Miscellaneous Items of Interest

A number of sf editors and writers are asked the salient question: "What purpose does short fiction serve?" Among those polled are Jonathan Strahan ("A lot of the great ideas in the field started in short fiction. If you want to read the best, get the purest Sfnal fix, it's often to be found in short fiction. Also, it's a great way to sample a bunch of new writers, get a feel for them before committing to novels."); and Jack Dann ("What do readers get out of a short story? They get a whole world wrapped up in a few minutes. They get that shiver down the spine real-quick. And then they can go on to another story, an entirely different world, plot, experience. It's reading novels on speed...except, of course, you don't get a novel. You can't relax for days in the experience. You get the rush fast, and a case might be made that the short form is a more perfect 'product' than a novel.")

Davey announces "I'm very excited to say that I've been successful in obtaining funding from Arts Victoria to develop a new collection of poems, based on correspondence between Australian poet Bernard O'Dowd and American bard Walt Whitman...The correspondence (which has been preserved in the State Library of Victoria and also published in Overland magazine) is notable both for Whitman's brevity (he was, after all, on his death bed), as for O'Dowd's idolisation of the man he calls 'master', and once even 'comrade'."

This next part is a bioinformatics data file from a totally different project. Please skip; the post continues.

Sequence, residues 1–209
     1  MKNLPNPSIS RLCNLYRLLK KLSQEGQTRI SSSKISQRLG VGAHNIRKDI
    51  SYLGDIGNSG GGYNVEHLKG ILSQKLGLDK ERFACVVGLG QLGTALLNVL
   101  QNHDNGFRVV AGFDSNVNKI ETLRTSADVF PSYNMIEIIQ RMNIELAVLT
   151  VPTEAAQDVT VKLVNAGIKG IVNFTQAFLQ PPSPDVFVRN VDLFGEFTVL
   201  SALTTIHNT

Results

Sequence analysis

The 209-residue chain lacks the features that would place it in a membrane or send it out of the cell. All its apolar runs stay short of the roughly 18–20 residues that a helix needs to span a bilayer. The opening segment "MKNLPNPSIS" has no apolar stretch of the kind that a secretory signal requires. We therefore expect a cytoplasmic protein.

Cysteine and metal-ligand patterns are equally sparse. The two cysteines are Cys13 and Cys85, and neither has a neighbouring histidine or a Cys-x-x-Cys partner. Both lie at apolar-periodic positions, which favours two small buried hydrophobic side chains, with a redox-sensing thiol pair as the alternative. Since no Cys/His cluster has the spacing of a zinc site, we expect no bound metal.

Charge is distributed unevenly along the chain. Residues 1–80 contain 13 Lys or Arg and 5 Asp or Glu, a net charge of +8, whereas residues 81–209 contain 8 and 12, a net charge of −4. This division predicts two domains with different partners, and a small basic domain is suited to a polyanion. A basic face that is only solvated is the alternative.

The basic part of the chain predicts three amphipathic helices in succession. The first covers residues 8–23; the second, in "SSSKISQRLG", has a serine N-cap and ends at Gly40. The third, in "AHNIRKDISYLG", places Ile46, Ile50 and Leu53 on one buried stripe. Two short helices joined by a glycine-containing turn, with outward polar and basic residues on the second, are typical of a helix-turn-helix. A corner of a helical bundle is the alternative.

And it's odd that I should be skimming through a recently purchased copy of I Recall by R.H. Croll - the man who introduced C.J. Dennis to John Garibaldi Roberts - when I came across a note about this very correspondence. Croll and O'Dowd were in the same Melbourne readers' group in the early 1900s.

BookTagger is an Australian version of LibraryThing. Both perform similar functions - social networking groups for book lovers - though BookTagger has a ways to go to catch up to LibraryThing's 23 million cataloged books. Gotta start somewhere though.

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This page contains a single entry by Perry Middlemiss published on February 18, 2008 9:23 AM.

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